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Gender, Space, and the Gaze in Post-Haussmann Visual Culture : Beyond the Flâneur (Hardcover)
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The flâneur described in Charles Baudelaire’s ‘The Painter of Modern Life’ (1863) has become central to understandings of gender, space and the gaze in scholarship on the post-Haussmann period. Baudelaire’s privileged and leisurely hero of the Parisian boulevard is often the template by which bourgeois masculinity and, by implication, femininity is theorized. The flâneur has been especially significant for art historians who have seen the figure as an embodiment of creative masculinity, particularly in scholarship on Edouard Manet and Edgar Degas.
Relying on cultural studies, social history, urban studies and feminist theory, Gender, Space and the Gaze in Post-Haussmann Visual Culture: Rethinking Baudelaire's Flâneurcontends that the dominance of Baudelaire’s flâneur in theories of gender, space and the gaze is out of proportion with the figure’s relevance in understanding how these constructs were imagined in the late nineteenth century. The argument is supported by avant-garde and mainstream visual culture, art criticism, novels, prescriptive literature, architectural practices, interior design trends and fashion journals.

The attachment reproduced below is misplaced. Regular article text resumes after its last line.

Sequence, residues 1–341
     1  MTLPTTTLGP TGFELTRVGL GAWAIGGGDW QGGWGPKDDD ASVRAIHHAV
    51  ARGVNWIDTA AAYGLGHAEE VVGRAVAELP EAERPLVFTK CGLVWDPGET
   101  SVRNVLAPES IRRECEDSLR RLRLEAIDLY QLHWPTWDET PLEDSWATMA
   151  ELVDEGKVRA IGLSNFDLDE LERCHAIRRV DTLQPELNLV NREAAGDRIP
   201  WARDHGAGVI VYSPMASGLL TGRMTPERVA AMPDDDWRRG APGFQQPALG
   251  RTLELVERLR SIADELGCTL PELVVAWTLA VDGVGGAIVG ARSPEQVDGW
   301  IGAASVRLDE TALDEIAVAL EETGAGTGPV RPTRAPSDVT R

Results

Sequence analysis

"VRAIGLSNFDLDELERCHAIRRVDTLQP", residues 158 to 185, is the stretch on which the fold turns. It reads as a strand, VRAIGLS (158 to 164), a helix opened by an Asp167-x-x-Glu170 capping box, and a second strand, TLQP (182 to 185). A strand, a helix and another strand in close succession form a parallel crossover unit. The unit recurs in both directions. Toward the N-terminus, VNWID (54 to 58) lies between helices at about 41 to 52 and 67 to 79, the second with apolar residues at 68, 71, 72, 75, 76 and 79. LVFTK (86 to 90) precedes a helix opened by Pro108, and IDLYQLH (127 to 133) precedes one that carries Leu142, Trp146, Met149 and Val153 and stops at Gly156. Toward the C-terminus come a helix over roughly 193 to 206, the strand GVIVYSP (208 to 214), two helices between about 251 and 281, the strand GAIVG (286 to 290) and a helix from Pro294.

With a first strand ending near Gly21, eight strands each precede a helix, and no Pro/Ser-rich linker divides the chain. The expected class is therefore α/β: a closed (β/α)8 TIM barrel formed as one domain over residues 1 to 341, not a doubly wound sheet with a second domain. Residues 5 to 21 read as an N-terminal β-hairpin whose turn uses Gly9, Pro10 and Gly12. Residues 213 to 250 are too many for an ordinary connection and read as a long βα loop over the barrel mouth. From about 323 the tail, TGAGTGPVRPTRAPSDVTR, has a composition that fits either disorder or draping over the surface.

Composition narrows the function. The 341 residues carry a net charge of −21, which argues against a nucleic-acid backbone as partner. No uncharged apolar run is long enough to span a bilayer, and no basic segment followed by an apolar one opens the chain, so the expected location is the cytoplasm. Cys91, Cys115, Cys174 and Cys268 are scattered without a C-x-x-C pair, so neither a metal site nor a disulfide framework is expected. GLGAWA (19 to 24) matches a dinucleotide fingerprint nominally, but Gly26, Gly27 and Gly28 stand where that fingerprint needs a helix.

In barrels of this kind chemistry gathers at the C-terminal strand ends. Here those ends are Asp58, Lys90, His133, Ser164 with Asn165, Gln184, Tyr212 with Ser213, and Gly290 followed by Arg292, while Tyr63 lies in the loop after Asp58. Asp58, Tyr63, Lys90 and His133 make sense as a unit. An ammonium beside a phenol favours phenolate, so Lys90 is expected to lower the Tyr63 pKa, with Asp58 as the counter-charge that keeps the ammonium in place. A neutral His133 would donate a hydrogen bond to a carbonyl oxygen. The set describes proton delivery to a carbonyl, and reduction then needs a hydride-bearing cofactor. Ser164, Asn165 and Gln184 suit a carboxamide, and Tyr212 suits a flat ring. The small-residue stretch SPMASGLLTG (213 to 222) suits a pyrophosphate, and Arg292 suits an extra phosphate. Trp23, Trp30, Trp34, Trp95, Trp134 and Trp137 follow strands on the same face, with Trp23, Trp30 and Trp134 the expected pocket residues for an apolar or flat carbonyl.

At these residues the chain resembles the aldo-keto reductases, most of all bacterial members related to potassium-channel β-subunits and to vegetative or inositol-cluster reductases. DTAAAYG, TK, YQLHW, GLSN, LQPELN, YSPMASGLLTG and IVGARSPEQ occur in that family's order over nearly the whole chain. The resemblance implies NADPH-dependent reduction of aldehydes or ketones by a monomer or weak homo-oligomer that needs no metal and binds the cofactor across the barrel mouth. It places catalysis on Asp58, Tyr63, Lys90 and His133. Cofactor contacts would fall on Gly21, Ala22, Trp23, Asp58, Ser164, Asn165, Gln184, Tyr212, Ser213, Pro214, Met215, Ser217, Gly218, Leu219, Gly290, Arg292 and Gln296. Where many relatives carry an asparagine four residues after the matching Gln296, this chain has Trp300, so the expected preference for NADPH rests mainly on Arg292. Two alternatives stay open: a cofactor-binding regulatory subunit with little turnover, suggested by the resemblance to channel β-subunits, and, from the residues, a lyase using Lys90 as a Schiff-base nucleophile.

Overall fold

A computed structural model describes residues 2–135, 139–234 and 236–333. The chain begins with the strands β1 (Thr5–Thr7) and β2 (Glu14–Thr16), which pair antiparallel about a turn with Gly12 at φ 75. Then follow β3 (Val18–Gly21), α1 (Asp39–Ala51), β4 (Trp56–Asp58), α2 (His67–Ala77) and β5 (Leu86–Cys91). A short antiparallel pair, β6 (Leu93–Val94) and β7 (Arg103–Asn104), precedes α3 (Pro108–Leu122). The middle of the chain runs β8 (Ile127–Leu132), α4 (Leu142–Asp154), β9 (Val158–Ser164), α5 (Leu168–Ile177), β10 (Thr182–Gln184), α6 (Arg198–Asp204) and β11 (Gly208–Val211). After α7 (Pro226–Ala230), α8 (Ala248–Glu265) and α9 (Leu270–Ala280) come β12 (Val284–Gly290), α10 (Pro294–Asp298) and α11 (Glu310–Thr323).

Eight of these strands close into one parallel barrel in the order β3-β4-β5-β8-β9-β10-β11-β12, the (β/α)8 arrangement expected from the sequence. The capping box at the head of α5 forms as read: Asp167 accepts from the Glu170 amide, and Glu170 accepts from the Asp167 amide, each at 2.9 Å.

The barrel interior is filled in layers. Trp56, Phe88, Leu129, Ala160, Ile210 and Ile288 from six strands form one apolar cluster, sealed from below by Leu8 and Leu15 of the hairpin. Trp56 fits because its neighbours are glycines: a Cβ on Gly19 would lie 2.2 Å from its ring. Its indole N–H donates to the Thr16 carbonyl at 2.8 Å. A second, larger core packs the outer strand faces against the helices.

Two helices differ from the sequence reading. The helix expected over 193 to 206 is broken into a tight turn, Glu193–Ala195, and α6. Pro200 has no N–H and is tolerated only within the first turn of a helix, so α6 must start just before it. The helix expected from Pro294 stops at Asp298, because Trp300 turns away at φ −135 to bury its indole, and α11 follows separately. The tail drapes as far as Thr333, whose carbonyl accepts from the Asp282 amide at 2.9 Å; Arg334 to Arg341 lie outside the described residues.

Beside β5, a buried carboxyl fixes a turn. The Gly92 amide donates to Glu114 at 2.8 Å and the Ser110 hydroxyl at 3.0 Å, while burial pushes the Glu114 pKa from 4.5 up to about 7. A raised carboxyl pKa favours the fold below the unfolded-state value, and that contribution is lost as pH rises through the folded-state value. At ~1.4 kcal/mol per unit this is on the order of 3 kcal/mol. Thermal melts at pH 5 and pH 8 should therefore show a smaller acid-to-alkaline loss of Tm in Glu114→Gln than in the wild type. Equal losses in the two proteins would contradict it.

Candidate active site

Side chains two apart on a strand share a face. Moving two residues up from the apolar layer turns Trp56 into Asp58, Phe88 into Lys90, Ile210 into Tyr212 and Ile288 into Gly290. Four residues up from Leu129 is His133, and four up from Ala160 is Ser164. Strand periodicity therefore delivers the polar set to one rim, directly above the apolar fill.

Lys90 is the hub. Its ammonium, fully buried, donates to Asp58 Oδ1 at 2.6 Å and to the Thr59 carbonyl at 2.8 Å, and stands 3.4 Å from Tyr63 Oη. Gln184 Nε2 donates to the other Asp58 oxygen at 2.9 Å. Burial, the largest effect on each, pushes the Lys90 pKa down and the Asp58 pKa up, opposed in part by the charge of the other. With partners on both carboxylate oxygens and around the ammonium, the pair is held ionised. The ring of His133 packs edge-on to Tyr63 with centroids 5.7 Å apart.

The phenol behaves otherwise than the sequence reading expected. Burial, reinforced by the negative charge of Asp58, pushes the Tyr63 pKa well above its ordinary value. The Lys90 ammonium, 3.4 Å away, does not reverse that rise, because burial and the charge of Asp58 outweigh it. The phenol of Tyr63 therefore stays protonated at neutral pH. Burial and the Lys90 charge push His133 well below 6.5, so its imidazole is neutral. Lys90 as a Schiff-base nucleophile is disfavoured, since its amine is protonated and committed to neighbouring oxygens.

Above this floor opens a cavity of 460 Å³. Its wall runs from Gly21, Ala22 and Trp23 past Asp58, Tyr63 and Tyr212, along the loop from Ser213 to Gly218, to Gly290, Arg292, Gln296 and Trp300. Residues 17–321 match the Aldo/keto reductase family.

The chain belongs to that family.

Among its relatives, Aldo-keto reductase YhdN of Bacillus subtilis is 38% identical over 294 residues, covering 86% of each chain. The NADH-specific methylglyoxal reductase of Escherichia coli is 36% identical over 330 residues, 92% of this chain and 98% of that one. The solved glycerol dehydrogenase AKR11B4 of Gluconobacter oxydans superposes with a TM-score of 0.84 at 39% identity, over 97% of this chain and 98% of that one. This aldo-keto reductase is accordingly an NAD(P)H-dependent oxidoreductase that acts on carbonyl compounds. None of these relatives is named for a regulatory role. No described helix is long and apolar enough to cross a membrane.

Balducci builds on previous scholarship that critiques the value of the flâneur paradigm, and its closely allied ideology of separate spheres, by offering a nuanced basis for considering gender, space and the gaze in the post-Haussmann period that will appeal to scholars across the humanities.